Article Abstract

Neuroanatomical substrates underlying contrast sensitivity

Authors: Ying Yang, Yajun Wang, Cun Zhang, Jiajia Zhu, Yongqiang Yu


Background: Contrast sensitivity (CS), a measurement of the ability to discriminate an object from its background, is an essential domain of visual functions. Eye aging or diseases are usually responsible for CS decline or impairment. However, whether neuroanatomical substrates are underlying CS is mostly unknown.
Methods: High-resolution magnetic resonance imaging data of 100 healthy young subjects from the Human Connectome Project (HCP) dataset were used to calculate gray matter volume (GMV). CS was assessed using the Mars Contrast Sensitivity Test. A multiple regression analysis was used to investigate the relationship between CS and GMV in a voxel-wise manner within the whole gray matter.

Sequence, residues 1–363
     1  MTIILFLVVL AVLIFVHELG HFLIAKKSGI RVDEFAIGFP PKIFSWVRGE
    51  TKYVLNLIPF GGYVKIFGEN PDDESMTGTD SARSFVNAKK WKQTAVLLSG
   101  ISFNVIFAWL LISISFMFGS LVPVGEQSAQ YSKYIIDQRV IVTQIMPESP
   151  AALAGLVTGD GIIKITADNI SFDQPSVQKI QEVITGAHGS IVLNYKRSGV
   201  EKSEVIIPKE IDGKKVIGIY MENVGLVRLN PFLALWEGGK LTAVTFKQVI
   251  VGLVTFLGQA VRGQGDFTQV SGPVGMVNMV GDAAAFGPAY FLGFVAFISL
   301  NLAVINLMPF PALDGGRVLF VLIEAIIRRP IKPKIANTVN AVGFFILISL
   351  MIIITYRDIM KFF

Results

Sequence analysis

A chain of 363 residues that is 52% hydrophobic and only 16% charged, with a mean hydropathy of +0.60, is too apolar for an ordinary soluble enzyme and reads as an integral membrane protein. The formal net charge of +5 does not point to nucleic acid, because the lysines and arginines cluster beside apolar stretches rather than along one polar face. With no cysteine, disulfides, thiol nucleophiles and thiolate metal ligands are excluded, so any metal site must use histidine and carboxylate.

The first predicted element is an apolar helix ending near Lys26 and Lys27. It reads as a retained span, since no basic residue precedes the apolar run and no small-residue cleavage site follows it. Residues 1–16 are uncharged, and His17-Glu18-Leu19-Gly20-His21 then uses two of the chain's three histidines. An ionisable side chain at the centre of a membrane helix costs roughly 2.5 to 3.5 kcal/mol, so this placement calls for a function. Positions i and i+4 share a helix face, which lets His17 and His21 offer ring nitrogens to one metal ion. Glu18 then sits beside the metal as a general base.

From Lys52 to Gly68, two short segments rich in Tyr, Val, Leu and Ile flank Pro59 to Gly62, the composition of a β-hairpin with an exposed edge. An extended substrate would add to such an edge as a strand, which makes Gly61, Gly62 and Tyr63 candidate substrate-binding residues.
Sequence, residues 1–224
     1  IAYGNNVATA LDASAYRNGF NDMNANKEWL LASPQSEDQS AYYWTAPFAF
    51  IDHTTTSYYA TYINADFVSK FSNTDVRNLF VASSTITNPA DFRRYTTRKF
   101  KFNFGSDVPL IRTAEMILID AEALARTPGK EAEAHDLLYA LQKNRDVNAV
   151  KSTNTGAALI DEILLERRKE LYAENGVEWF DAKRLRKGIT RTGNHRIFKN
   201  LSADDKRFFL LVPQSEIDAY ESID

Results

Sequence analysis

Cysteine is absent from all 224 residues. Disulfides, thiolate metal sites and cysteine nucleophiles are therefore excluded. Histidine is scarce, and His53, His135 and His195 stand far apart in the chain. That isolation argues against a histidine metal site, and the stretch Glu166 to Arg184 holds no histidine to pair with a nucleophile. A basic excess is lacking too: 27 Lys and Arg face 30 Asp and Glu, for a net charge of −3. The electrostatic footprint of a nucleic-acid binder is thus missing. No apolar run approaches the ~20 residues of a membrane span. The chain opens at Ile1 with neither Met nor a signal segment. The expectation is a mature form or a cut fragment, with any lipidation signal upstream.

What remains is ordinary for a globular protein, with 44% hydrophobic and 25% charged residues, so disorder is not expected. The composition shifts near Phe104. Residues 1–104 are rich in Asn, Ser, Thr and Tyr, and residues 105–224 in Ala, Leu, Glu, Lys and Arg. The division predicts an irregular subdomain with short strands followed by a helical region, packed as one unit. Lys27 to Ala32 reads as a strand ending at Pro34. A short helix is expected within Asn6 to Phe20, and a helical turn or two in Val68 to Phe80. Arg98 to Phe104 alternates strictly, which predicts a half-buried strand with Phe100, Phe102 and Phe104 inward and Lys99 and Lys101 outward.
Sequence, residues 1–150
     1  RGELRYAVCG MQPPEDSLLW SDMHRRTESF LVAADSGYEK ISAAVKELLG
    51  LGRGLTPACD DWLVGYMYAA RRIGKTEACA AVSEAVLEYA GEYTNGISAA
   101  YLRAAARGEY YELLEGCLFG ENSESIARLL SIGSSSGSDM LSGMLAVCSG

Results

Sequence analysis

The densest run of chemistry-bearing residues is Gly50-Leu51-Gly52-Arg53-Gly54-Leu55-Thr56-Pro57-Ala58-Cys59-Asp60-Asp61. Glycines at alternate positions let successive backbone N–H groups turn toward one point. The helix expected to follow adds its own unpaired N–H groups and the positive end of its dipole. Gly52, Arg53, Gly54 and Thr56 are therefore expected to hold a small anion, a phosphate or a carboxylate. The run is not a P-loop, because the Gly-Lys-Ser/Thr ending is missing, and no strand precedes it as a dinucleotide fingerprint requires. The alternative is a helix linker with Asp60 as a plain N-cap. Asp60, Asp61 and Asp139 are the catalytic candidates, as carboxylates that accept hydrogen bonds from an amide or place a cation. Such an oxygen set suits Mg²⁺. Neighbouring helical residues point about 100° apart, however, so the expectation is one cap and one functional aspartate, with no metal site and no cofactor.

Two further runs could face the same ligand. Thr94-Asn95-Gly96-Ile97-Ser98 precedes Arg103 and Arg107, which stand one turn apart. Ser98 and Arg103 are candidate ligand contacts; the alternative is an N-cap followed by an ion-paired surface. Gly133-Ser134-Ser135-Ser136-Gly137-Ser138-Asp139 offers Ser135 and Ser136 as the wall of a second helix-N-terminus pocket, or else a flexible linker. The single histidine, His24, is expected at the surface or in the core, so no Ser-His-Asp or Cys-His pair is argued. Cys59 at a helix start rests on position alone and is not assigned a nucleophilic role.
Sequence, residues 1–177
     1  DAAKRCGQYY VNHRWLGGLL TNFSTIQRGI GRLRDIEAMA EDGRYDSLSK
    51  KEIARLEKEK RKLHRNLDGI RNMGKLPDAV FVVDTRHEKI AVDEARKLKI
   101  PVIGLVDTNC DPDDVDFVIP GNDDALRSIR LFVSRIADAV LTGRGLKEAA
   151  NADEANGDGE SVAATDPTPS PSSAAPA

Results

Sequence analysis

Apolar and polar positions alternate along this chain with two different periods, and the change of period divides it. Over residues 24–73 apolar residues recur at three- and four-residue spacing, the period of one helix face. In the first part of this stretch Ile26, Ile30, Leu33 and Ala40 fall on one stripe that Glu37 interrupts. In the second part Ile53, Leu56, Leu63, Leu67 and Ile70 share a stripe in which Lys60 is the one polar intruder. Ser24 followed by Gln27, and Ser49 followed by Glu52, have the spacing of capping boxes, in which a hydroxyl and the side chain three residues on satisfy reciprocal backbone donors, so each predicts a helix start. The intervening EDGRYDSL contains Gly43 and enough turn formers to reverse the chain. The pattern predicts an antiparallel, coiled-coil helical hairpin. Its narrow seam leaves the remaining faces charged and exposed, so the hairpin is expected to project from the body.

Results: The range of Mars_Final scores for the 100 participants was from 1.08 to 1.88, and we found significant positive correlations between the CS scores and GMV in the bilateral visual cortex. Precisely, the significant bilateral clusters were mainly located in bilateral V3A, with the superior parts extending to the bilateral posterior parietal cortex.
Conclusions: These findings suggest the critical role of the dorsal visual stream in CS processing, which may provide insights into the neuroanatomical mechanism of contrast sensitivity and its relation to some brain disorders.

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